Later on, back at the brewery, there was a very good hog roast, followed by the formalities. The speeches went down well; both Dave & Paul spoke as Father of the Bride, followed by an exceptionally emotional tribute by Harry which had everyone reaching for the tissues. Max, as Best Man, finished it off in style, then the band struck up and we filled the dance-floor till midnight.

There are plenty of photos on facebook, so we won’t fill up your browser with lots more, but here are a few that we especially like.
Sunday. Continuation of festivities, albeit slightly subdued. There were trips out to the seaside and other places, then a local chap with a guitar kept us entertained in the evening.
We finally headed homeward on Monday, stopping off at Anne’s in Chesterfield on the way.
As a family gathering it was a resounding success, all Dave’s sisters were there, along with nearly all of their off-spring, as were Ann-Marie’s Mum & Dad and all of theirs.

One of the best things about the weekend, apart from our little girl getting married, is that Ann-Marie can now reveal to the world what has been occupying her every waking moment since New Year.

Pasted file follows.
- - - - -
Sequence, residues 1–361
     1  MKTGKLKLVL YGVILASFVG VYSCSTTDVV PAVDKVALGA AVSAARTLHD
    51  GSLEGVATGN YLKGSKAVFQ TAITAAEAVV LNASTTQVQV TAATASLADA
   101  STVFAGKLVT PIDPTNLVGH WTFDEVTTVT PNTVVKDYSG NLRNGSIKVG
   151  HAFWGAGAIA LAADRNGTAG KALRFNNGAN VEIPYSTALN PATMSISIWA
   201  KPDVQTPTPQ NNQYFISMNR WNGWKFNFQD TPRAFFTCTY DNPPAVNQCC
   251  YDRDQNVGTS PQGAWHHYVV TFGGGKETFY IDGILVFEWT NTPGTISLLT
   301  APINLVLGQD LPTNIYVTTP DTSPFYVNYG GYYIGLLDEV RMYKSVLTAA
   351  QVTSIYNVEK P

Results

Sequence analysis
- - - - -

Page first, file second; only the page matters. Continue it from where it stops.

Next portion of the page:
Rather stunning isn’t it? If she’d known before she started it just how big it was, the happy couple would probably have got a toaster instead.
This is how it got dried after we washed it.
We got back to Glasson in the evening, buzzing from one of the best weddings ever, but very happy to be back in our little boat and our own bed.

The weather forecast for Tuesday was a bit windy but dry, so we decided to take Legend back up through the locks and onto the main line again. Getting off the wall in the basin against the wind was a struggle, the locks on the Glasson branch were really hard work and the wind just made them harder and there was so much weed in the water that at one stage we lost all forward motion and Dave had to go down the weed hatch to clear the prop of this stringy stuff.
By the time we got up to Galgate we’d both had enough so we found the first free mooring, stopped, lit the fire and slobbed out in front of a film.